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River Connections

Written by Laurel Cutright
    Monday, 03 July 2017
River Connections

I boarded a bus with a class of anxious fifth graders from Hawley Environmental School and headed north to Riveredge Nature Center. We were spending the entire day studying the inhabitants of this rural part of the Milwaukee River through River Connections, a collaboration between Riveredge and the Urban Ecology Center.

When we arrived, the educators quickly ran through the expectations of the class.

Soon we struggled into giant rubber boots and waded into the river. The students shrieked with excitement, slipping and splashing while carrying nets and buckets. They overturned rocks, swept debris into the nets and picked out the tiny insects – aquatic macroinvertebrates – that appeared there. Some students were eager to touch the small larvae and crayfish, but others needed some encouragement. All around me I saw total engagement, teamwork and confidence replacing fear.

After lunch we learned how to recognize the creatures in our buckets and the students carefully documented their finds. They used a key to identify dragonfly larvae, mayfly larvae, leeches and more. A class favorite was the gigantic cranefly larvae which was over an inch long and treaded the line between fascinating and gross.

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Life in the river. Photo: Sarina Counard-Ryals 

Toward the end of the program we tallied the number and variety of each species and used this to formally rate the quality of the water, which we found to be on the upper edge of “fair”. Earlier in the year, this class had done an identical study of the same river at Hubbard Park in Milwaukee where we had found that the diversity of species was much lower. This lead to a discussion about what factors may have impacted this, from farming to factories to weather. The kids were engaging in scientific thought as well as more critical thoughts about how humans and water are interconnected. This is the heart of this program and I could tell that these students had really grasped it.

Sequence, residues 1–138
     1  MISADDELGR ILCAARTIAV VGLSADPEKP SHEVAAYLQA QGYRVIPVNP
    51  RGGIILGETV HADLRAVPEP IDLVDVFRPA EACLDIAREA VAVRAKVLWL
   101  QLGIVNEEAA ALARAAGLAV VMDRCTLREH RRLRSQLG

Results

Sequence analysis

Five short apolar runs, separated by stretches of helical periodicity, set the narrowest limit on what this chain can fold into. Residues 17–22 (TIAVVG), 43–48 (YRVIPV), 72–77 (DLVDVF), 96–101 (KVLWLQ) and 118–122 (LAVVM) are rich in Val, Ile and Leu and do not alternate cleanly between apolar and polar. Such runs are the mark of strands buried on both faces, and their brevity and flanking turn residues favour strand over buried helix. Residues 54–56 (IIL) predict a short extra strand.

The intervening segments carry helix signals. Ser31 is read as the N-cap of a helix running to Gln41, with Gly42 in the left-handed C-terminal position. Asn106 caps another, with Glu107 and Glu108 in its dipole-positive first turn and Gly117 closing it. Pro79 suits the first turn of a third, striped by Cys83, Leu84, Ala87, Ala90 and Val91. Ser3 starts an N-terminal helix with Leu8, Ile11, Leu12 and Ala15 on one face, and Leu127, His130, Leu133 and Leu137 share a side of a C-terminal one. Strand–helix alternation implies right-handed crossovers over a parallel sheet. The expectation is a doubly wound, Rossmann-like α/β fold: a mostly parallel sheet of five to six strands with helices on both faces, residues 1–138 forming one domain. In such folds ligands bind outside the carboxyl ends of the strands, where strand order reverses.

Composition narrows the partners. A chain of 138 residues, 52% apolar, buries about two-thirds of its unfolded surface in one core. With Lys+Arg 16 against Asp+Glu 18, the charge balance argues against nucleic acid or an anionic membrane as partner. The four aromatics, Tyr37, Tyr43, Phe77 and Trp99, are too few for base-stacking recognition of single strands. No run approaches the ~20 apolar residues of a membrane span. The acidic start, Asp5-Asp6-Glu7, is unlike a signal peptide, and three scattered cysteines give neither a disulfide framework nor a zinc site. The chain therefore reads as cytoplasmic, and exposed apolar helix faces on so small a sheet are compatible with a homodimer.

Before our hike out of the woods, the teacher gathered the students and had them stand in a silent circle, placing their hands on their hearts and taking five deep breaths. He invited them to look around the flower-filled forest and get in touch with how it felt to be there. The students were calm and silent, listening to bird calls and the sound of the river.

These fifth graders had been kindergarteners when I started working as an educator at the Urban Ecology Center and this last trip together was rewarding and a little bittersweet. I was grateful to spend the day with them learning, exploring, and connecting.

Laurel Cutright

Laurel Cutright

Laurel has gone from playing in the farm country near the Cedarburg Bog to doing restoration work in the parks of St. Paul & Minneapolis to educating students in Washington Park. She is excited to be part of a community devoted to life-long learning, compassion, and stewardship. Laurel wants her life to be a blur of camping, bike rides, potlucks, road trips, good books, and spontaneous dance parties.

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